In the ongoing game of gradual diplomatic détente between the United States and Iran, Washington smacked the ball firmly into Iran's court last Friday with Secretary of State Madeleine Albright's announcement of a lifting of U.S sanctions on key Iranian non-oil exports. Iran's cool response to the Albright overture, however, begs the question: is Iran ready, or even interested, in playing the game?
Iran's two top leaders Supreme Leader Ayatollah Ali Khamenei and President Mohammad Khatami both ignored Albright's call in their annual Iranian new year speeches on Monday, instead focusing on domestic issues, in particular the recent violent attack on a key reformist and the country's deteriorating economy. Meanwhile, in comments made shortly after Albright's speech, Iran's Ambassador to the United Nations Hadi Nejad Hosseinian was guarded about the US overture.
"The hawkish statements made in the Congress, as well as those by senior American officials, coupled with mixed positions and messages by the United States, fail to generate sufficient trust for Iran to become convinced that the benefits of the US proposed dialogue would outweigh its possible costs," Nejad Hosseinian said. He pointed to continued US sanctions on Iran's oil industry, adding that the US offer of dialogue had been proposed in "a domineering and insolent spirit."
Nejad-Hosseinian's response dampened much of the enthusiasm generated by the Albright speech. Still, analysts in Tehran say that Albright's speech was significant, specifically her apologetic references to past US policies that have hampered efforts to improve relations. The secretary of state specifically referred to the 1953 CIA-orchestrated coup d'etat of a nationalist Prime Minister and Washington's support for Iraq during the bloody 1980-88 Iran-Iraq war.
"I think those references will resonate well in Tehran," said Hadi Semati, a Tehran University political scientist. "It was an important statement."
Silence can often speak louder than words in Iran, and the fact that Khamenei, whose speeches are regularly laced with anti-US rhetoric, avoided the subject in his new year speech is being interpreted as a good sign by advocates of improved Iran-US ties. Semati said, however, that domestic issues remain Iran's top priority right now. While relations with the US are considered important, they do not appear to be a priority. Thus, Iran may not immediately seize the détente opportunity. A more likely scenario would have Iran striving to support the warming trend without committing to face-to-face bilateral talks in the near future.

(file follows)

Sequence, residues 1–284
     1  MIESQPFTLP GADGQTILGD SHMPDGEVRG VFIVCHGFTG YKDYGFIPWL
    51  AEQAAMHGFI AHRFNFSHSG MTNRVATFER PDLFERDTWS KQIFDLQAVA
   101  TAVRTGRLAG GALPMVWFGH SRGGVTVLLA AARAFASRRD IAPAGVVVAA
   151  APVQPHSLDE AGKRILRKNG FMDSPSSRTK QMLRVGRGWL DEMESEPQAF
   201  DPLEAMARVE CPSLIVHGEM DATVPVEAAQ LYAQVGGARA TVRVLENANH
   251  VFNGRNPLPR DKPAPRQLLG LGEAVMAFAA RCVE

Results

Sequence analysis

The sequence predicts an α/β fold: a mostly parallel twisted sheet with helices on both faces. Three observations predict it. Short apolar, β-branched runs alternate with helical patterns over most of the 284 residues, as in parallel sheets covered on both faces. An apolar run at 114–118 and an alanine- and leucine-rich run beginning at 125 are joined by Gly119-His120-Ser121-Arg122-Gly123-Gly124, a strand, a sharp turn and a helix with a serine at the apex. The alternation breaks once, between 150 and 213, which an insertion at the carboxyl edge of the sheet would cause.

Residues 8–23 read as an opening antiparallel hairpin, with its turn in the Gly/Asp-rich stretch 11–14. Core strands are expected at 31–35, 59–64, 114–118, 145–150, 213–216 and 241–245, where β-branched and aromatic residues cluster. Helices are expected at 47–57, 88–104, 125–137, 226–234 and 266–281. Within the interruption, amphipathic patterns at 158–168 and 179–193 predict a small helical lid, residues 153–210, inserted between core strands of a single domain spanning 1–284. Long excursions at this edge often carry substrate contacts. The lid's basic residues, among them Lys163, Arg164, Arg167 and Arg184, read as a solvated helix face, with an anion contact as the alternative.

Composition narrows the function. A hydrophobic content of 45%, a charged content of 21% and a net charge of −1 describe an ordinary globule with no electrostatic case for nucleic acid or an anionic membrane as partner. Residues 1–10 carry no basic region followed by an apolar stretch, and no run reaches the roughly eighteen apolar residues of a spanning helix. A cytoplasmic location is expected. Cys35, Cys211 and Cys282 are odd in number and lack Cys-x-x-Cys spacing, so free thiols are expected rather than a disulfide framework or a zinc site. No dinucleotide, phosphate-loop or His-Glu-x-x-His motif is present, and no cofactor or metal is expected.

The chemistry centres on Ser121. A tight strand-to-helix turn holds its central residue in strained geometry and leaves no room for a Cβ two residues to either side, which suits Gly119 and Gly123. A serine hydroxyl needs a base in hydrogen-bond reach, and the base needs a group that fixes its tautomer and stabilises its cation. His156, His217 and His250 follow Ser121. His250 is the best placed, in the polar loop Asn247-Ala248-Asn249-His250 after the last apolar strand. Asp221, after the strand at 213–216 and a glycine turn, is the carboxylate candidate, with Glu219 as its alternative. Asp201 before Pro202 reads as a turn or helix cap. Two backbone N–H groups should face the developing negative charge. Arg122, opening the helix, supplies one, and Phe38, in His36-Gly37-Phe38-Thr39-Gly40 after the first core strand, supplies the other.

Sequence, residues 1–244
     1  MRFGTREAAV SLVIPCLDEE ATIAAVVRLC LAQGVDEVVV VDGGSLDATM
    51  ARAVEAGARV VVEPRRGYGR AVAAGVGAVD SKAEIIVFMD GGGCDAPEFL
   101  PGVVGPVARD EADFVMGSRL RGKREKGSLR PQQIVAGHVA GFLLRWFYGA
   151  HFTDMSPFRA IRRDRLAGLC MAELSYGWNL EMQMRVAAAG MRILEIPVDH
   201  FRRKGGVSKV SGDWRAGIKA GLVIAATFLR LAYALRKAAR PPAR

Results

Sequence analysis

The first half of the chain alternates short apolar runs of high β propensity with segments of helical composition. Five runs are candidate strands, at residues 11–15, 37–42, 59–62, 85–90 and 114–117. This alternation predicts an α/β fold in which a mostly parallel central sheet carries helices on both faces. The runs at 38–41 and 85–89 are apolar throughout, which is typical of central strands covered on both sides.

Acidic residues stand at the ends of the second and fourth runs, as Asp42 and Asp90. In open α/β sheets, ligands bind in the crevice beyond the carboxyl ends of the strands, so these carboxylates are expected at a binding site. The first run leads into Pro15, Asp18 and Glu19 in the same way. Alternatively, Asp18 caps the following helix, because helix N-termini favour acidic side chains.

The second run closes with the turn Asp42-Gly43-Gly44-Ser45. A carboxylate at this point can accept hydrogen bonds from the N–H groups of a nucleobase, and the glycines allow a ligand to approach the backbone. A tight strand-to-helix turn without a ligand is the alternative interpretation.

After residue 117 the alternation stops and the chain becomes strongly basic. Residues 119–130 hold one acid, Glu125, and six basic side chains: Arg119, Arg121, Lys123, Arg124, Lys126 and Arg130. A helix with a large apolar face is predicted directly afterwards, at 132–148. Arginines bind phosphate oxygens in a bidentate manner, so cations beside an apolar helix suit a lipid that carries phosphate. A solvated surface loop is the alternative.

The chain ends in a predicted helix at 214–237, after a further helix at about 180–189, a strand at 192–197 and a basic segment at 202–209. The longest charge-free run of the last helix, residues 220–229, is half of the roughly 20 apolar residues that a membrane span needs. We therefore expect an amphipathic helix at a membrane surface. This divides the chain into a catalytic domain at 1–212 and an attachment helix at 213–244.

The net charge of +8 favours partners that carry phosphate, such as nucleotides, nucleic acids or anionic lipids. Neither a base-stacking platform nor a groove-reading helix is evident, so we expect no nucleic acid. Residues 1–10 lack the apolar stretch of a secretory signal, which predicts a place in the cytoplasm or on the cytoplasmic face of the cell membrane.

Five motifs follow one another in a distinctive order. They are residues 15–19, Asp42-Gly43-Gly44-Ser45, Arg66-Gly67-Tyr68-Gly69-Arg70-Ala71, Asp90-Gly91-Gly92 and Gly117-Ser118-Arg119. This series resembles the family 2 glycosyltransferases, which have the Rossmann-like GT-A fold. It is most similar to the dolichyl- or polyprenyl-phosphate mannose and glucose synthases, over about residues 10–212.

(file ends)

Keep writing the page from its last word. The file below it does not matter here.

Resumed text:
Khamenei's New Year address underscored the Iranian leadership's preoccupation with internal developments. He focused on the economy and domestic politics, noting that Iran's "own weaknesses" led to a climate of student unrest and threats to national security in the previous year.
President Khatami, the reformist president -- who launched the Washington-Tehran détente with a CNN interview two years ago in which he called for people-to-people exchanges -- also focused on the economy and domestic politics in his new year speech. Khatami defended his political and social liberalization program and vowed to press on despite a violent attack on a key pro-Khatami reformist newspaper editor, Saeed Hajarian, that has left him fighting for his life in a Tehran hospital. In addition, Khatami expressed concern about some of the powerful hard-line forces opposing Iran's nascent democracy movement. [For background see the Eurasia Insight archive].
Given the domestic dilemmas, Iran observers say that it may be awhile before Teheran can focus on improving US relations. The newly elected reformist Parliament expected to take office this summer will certainly offer a more welcoming climate to improved ties. But the new MP's may not want to tackle such a politically charged issue during the first few months of their term. Hard-liners in the government, who still can play an important spoiler role, are extremely sensitive on the issue of improving US-Iran ties.
Iran's conservative establishment also views Washington's overture with suspicion, especially those in the financial community, including the country's powerful merchants and the heads of partially state-owned financial conglomerates. They fear that the entry of American companies into their markets could potentially break their monopolies and reduce profits in European trade.
Average Iranians overwhelmingly support better ties with the United States. Indeed, if a referendum were to be held, it is likely that improved ties could garner even more votes than the wildly popular Khatami did. For many Iranians suffering under a long recession, improved ties with the U.S offers hope of an improved economy. Others view it as a return to normalcy after years of revolutionary fervor.
Now with the ball in Iran's court, Washington should expect a soft return. Still, it is a positive development that Iran will continue to play the game.
Afshin Molavi is a journalist based in Tehran, Iran. His work has appeared in the Washington Post.